Love & Gelato kept me interested from start to finish. Perhaps not because it was the most complicated story, but instead because the characters all seemed so genuine, and I cared about what was in store for them. The great thing about this book is that it explores love on multiple levels, and ends with an important lesson about what love can mean (on more than a romantic level). I don’t have any criticisms of Love & Gelato, it was just the sort of heartwarming book I love.

After You- Jojo Moyes

Even though I hadn’t read the prequel to After You, I had thoroughly enjoyed it in its film version, which meant that when my mum offered this book to me when she had finished, I snapped it up. And as I had expected, the book kept me interested the entire way through.

I think it did help that, having seen the prequel on screen, I already had a good idea of the how Louisa Clark (the main character) and her family worked as characters, and the dynamic between them. This means that I didn’t have to spend any time getting to know the characters or their situations, allowing me to just ‘get on’ with enjoying the narrative.

I liked how Moyes continued straight onto the narrative of this separate story, spending very little time referencing back to what happened in the characters’ pasts. Admittedly, this would make it difficult for anyone who wasn’t familiar with the prequel to fully understand, but I do think that most people reading this would choose to do so because of the prequel.

Louisa Clark is the perfect protagonist: the girl who wants to move on, and is trying, but is evidently terrified. Hopeless at most things, yet confident in who she is as a person, and her intelligence shines through in her wit and humour. It was also great to see how she had developed as a person from when Will was alive, and how Lily’s character meant that, in a strange and complicated way, she got to continue her relationship with Will, to the point that they had not able to reach before his death. She, in a way, got to become the mother of his child- and it was interesting to see how she reacted to such situation.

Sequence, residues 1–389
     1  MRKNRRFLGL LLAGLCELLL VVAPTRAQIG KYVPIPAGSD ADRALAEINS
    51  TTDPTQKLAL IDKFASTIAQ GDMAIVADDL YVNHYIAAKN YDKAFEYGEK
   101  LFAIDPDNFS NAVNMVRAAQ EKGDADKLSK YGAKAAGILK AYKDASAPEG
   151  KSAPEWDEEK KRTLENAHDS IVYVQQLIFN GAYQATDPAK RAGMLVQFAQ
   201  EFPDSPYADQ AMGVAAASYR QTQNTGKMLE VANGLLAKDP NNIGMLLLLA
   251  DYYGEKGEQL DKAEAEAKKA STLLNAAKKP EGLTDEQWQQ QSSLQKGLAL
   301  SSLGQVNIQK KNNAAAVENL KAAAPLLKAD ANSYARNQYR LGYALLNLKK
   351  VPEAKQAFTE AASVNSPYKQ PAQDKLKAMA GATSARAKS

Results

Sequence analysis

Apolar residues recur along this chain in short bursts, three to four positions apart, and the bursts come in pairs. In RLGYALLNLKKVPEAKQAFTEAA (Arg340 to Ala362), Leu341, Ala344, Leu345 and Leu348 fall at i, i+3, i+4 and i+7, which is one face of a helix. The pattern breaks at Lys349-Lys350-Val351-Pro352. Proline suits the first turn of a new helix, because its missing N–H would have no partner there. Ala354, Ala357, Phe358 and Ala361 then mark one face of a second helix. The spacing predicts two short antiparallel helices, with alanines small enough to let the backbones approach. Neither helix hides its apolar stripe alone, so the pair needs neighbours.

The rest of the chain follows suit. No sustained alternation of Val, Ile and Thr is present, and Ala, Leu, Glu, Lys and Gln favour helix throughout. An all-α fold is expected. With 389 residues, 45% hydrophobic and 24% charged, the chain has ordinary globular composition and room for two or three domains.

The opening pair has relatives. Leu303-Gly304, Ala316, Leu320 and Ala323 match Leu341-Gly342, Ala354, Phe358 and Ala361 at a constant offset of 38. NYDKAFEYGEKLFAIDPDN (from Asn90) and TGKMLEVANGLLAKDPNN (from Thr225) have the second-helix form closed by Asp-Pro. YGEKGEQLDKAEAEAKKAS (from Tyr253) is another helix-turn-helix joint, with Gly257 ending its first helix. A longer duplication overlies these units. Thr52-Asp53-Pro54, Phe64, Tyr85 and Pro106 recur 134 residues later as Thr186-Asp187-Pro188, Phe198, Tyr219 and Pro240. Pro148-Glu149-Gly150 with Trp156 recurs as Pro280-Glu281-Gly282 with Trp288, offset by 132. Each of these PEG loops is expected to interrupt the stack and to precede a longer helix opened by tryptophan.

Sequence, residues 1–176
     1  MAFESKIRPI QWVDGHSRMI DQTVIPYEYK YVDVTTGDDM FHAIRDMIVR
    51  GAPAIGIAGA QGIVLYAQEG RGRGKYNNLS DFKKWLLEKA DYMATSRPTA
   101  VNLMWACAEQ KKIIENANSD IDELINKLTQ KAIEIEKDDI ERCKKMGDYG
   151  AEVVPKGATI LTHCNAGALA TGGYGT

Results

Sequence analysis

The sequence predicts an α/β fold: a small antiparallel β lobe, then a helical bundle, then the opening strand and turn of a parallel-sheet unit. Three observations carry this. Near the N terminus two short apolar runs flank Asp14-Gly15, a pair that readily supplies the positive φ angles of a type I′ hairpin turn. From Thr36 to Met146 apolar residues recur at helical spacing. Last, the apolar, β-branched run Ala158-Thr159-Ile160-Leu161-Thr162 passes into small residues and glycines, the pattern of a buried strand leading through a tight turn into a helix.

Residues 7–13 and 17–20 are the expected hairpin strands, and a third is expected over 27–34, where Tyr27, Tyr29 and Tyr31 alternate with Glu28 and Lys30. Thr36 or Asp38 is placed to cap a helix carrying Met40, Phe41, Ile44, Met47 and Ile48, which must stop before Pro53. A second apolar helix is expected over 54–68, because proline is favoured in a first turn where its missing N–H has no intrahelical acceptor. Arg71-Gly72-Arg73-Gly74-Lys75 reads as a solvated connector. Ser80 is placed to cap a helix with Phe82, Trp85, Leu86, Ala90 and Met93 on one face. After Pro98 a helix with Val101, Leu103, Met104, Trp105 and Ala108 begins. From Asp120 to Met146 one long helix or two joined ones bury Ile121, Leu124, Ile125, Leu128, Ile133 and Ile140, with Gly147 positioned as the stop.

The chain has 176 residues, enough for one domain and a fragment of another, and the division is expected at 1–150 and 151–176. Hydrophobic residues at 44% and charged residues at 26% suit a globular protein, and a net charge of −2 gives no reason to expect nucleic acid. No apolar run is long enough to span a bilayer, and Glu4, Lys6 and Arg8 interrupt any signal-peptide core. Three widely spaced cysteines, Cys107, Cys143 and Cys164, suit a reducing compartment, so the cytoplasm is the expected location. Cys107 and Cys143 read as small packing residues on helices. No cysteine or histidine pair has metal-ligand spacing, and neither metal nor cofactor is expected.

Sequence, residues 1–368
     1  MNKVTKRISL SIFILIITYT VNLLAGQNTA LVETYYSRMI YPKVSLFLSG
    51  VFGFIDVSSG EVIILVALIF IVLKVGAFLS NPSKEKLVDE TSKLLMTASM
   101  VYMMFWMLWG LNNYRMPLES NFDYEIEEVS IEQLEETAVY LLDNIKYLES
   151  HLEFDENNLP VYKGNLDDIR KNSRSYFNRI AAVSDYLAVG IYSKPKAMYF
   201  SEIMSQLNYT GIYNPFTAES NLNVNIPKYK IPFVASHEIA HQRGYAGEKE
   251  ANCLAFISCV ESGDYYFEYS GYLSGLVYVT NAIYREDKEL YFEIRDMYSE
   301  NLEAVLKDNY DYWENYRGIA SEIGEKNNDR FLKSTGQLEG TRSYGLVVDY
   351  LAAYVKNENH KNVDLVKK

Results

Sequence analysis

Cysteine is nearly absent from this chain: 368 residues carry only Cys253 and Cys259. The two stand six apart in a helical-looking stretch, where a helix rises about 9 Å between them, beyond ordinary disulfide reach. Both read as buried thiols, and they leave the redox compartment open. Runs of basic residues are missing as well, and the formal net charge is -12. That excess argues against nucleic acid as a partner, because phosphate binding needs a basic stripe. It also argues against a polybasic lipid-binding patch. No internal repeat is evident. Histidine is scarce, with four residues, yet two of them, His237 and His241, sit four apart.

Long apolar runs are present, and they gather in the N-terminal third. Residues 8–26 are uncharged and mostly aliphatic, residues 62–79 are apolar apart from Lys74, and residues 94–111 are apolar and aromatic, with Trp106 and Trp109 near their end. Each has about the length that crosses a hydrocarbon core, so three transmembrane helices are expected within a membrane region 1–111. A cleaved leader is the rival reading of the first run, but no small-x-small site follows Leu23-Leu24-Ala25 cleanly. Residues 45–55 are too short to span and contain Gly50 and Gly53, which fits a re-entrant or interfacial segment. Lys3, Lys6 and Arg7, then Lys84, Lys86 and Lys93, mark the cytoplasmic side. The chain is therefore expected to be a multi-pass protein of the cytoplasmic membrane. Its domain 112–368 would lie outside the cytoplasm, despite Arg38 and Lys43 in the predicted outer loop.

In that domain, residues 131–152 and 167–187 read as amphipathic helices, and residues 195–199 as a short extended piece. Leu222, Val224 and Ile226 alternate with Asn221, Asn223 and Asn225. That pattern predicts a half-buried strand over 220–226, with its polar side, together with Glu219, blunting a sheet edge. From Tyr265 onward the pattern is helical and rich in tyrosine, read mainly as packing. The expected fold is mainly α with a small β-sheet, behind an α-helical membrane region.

In fact, it seemed that, instead of Lily acting as a painful reminder of Will that dragged Louisa back to the state of intense grieving just after his death, she actually helped her to move on from him. All the time that I could see Louisa changing and transforming, I felt almost proud of her- as if I knew her.

I think the fact that no one, unless those heartbreakingly unlucky enough to have experienced it, can begin to imagine how it must feel to lose the person you love through their own doing, means that readers sympathise even more with Louisa as a character. This was certainly the case for me. I don’t even want to imagine the reality of such a terrible situation, meaning I wanted, more than anything, for her to come out of it a stronger person- her full personality still intact.

The great thing about After You is that it’s just the right cocktail of sadness, hope and humour that makes you want to read it more. I was always ready to turn the next page, and move onto the next chapter- disappointed when I didn’t have enough time to do so. As if 400 pages of the narrative weren’t enough, I found myself wishing the story continued- not because I didn’t feel it had reached a good enough conclusion, but because I didn’t want to leave Louisa Clark as a character.

I thoroughly recommend this book to anyone- whether you have read the prequel, or just seen the film. Familiarise yourself with the prequel and get stuck in. It is truly worth it.





Le Ventre de Paris- Émile Zola